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Why you should go to a Linux event

Linux Fest North West was such a learning experience that everyone involved with Linux should look for similar events.

Every spring I make a pilgrimage up to Bellingham, Washington, for Linux Fest NorthWest. It's a great little, community driven event all about Linux. Okay. "Little" is the wrong word. This last weekend, Linux Fest NorthWest broke 1,500 attendees – their biggest attendance to date. That's over a thousand Linux nerds hanging out, attending sessions, going to tutorials and eating good food.

And the sessions were just spectacular. Lots of great, educational topics (ranging from photo editing to rolling your own backup solutions), and even a forum chaired by representatives from the ACLU and EFF. (And me, presenting my annual “Why Linux Sucks” and “Why Linux Doesn't Suck” presentations. Videos and slides available here.)

Oh, and thanks to their sponsors (such as openSUSE and Dice), the conference is completely free to attend. You just pay for your own gas to get there. Solidly good deal.

But, perhaps Bellingham, WA, is a bit too far of a journey for you. Luckily, there are other, absolutely spectacular Linux events around North America that I heartily recommend.

SCALE (The Southern California Linux Expo) took place in Los Angeles back in February. So you've missed it. Luckily, it happens every year, so plan ahead for 2014. SCALE, itself, is similar in size to Linux Fest NW and is a solid destination, with some great speakers every year.

If you're looking for something a little sooner, Ohio LinuxFest is going to be taking place from September 13 through 15 this year. And, you guessed it, its held in Ohio. Columbus to be exact. I've never been to Ohio Linux Fest, but word on the street is it’s quite good.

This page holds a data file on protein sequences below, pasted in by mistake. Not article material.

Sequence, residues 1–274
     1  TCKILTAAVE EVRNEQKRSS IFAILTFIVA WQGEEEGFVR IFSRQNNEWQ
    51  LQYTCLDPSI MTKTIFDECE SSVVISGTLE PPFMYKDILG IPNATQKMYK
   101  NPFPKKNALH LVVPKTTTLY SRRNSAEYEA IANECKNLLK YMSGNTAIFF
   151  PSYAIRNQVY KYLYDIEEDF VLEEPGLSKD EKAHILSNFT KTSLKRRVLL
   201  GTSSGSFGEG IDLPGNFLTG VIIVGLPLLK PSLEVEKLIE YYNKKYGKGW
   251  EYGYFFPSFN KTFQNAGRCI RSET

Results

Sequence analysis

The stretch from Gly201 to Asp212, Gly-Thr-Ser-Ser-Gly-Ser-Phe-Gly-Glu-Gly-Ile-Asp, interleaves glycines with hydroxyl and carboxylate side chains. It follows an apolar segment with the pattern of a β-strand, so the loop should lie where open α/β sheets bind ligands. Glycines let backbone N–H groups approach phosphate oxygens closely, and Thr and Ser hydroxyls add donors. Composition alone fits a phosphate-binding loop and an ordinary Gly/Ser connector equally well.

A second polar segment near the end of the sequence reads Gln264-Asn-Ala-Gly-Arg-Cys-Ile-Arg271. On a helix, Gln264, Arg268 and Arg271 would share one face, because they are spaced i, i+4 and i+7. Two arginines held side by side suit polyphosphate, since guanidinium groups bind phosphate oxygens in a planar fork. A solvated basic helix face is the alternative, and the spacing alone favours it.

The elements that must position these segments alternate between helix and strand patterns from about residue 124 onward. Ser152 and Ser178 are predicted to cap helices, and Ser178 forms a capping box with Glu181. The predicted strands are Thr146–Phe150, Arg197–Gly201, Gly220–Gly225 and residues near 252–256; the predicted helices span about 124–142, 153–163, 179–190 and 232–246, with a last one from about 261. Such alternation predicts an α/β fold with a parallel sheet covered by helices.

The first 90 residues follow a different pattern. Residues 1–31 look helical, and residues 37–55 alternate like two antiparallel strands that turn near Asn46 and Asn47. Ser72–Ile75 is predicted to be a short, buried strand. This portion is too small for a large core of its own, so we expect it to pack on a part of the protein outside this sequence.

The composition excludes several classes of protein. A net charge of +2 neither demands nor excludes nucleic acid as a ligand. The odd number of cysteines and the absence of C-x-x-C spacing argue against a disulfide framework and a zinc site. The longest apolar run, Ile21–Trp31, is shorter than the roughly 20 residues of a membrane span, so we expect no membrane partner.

Now, some of you may have never had the opportunity to attend a Linux Fest/Conference before, and may not know what to expect. Here's my top reasons why I make it a point to attend at least one, community-driven conference every year:

  1. Networking. And not just with Linux developers. These events give us the opportunity to rub elbows with hiring managers, artists and marketing folk. Want to get ahead in the Linux and Open Source world? This is how you do it.
  2. Learning. I learn something new every show. Sometimes it's about a new tool. Sometimes it's a bash scripting trick I hadn't thought of before. Knowledge is power. (This also helps if you need to convince your company to pay for your trip.)
  3. A feeling of community. How many of you are Linux users who work in a primarily Windows shop? Feeling a bit isolated and lonely? Come. Spend a weekend hanging out (and eating burgers with) a thousand people just like you.

Now, if you'll excuse me, I need to go take a nap to recover from Linux Fest. Man, I tell ya. Linux nerds know how to party...

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